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- A first mortgage is the primary or original loan on a home, typically what was used to buy the property.
- First refers to not only the order in which the loan was obtained, but also the lender's lien position on the property. If your home were to be foreclosed, the lender of the first mortgage would have first claim to the proceeds of the foreclosure sale.
- Generally, first mortgages are easier to qualify for than riskier second mortgages, such as a home equity loan.
What is a first mortgage?
A first mortgage is the primary or initial loan obtained for a property.
When you get the first mortgage loan to buy a home, the mortgage lender who funded it places a primary lien on the property. This lien gives the lender the first right or claim to the home if you were to default on the loan. Other lenders who have a lien on your home are secondary to the lender of the first mortgage.
How does a first mortgage work?
A first mortgage is typically used to finance the cost of buying a home. Depending on the type of first mortgage you get, you’ll likely need to pay a percentage of this cost upfront, in cash — the down payment — and borrow the rest. Then, you’ll be responsible for making monthly payments until the loan is repaid.
For lenders, the first mortgage — sometimes referred to as having the senior lien position — takes priority over any second mortgage, or junior or subordinate lien, attached to the property.
Let’s say you purchased a home with a mortgage, and later took out a home equity loan (a type of second mortgage). If you were to default, your first mortgage lender would have the first claim to the proceeds from a foreclosure sale. The second mortgage lender would then have a claim to the remaining proceeds, if any. This chain of priority continues if you have multiple liens on the home.
There are some exceptions, however. If you owe property taxes, they’ll typically be repaid first before other claims, and if you’re filing for bankruptcy, a court can decide which claims take precedence.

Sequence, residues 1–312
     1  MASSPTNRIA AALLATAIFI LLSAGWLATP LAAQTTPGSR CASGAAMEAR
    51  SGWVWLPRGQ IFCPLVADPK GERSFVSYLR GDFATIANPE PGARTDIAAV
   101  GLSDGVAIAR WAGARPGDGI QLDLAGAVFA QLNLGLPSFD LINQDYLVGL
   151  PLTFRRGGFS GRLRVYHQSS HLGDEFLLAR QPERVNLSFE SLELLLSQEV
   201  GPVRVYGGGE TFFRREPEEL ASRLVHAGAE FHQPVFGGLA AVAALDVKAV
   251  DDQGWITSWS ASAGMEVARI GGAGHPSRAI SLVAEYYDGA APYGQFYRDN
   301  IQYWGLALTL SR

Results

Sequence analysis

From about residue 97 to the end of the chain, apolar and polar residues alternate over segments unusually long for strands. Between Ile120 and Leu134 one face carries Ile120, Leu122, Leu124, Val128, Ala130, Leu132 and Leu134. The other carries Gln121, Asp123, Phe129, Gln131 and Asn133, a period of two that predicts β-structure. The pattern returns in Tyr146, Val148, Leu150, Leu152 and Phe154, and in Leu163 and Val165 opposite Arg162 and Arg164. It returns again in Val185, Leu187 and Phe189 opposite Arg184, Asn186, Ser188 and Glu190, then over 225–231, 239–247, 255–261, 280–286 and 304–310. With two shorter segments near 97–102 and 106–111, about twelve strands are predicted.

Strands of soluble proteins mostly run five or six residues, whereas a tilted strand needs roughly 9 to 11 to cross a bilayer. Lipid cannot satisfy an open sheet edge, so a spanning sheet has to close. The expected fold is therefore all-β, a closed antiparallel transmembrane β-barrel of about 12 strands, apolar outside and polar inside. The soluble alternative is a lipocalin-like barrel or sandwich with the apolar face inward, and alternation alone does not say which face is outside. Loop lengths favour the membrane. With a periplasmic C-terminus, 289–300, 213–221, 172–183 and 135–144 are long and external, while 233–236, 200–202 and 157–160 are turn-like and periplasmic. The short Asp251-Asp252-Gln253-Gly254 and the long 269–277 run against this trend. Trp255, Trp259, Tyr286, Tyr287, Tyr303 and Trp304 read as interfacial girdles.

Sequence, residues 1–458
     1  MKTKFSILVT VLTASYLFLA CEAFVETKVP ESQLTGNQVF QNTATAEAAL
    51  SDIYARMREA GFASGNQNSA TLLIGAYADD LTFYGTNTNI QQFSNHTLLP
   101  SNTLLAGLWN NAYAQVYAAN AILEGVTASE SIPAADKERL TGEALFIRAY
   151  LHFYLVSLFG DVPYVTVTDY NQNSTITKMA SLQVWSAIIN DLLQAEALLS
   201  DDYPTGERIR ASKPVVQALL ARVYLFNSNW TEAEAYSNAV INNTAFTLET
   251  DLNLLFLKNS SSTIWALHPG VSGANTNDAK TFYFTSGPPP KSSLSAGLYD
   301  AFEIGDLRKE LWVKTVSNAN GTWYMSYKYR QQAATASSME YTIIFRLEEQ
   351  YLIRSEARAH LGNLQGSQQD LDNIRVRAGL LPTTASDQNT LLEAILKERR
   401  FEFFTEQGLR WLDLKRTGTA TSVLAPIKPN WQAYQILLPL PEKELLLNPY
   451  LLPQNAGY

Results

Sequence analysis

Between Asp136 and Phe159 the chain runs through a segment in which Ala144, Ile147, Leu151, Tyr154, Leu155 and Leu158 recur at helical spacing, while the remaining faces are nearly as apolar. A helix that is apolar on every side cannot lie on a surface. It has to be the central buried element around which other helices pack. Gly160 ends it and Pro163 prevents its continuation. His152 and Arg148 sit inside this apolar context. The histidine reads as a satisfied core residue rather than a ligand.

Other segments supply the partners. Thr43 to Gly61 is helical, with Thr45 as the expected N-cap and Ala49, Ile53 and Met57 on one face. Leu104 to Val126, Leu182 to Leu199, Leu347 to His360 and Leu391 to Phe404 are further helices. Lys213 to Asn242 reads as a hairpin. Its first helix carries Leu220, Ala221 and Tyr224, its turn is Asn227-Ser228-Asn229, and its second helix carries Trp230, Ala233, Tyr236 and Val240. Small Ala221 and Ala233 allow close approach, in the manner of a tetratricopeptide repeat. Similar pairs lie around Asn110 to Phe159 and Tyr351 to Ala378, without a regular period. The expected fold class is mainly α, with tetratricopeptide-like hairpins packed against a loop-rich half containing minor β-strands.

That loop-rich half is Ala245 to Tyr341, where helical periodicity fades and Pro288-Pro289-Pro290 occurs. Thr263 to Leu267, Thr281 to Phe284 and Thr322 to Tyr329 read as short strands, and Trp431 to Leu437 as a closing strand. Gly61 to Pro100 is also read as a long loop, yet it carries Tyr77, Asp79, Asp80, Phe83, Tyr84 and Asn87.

Example of a first mortgage
Say Sarah buys a home priced at $450,000 with the help of a $360,000 mortgage. This is the first mortgage on the property.
After some time, her home is now worth $530,000, and she has paid down the balance on her first mortgage to $250,000. She then decides to remodel her kitchen and takes out a home equity loan — a second mortgage — for $50,000.
Say Sarah falls behind on payments and is unable to work out a solution with her mortgage lender. The lender now has the ability to start the foreclosure process in order to recoup its losses.
If her home were to sell at auction for $530,000, the first mortgage lender can recoup all of the $250,000 she still owes, and the second mortgage lender can recoup the $50,000. If the home sold for less, though, the first mortgage lender might only receive a portion of the proceeds, and the second mortgage lender might not receive anything at all.
First mortgage vs. second mortgage
Both first and second mortgages are secured by the property itself (meaning the house serves as the collateral for the loan), but a first mortgage is most often used to buy the property, while a second mortgage can be used for any reason, such as:
Second mortgages can also be used to help you buy a property. Many down payment assistance programs are constructed as a first and second mortgage, with the second mortgage covering the down payment and closing costs.
Because they are riskier for a lender, second mortgages generally have higher interest rates than first mortgages. The two most common types of second mortgages are home equity loans, which usually have a fixed rate, and home equity lines of credit (HELOCs), which usually have a variable rate.
If you put down less than 20 percent for your first mortgage, you’ll pay private mortgage insurance (PMI) premiums. This is another key difference when comparing a first mortgage versus a second mortgage, because second mortgages usually don’t require PMI.
Lastly, if you itemize at tax time, you can deduct the interest on your first mortgage up to a certain threshold. You can only deduct the interest on a home equity loan or HELOC if you used the funds to substantially improve or repair your home.
|Fixed or adjustable
|Generally fixed with a home equity loan and variable with a home equity line of credit (HELOC)
|Mortgage interest tax deduction
|Deductible on up to $750,000 of combined mortgage debt (or $1 million if loan was obtained before Dec. 16, 2017)
|Only deductible within $750,000 combined limit if mortgage debt was used to buy, build or make improvements to the property
|Required if down payment is less than 20%
|Size of loan
|Cost of the property minus the down payment
|Based on available equity and other factors
A first mortgage is what most people typically think of when they think of a mortgage: It’s the loan that helps you buy a home. It’s first in the sense that it’s the first financing secured by the home, and the lender has the first claim on it.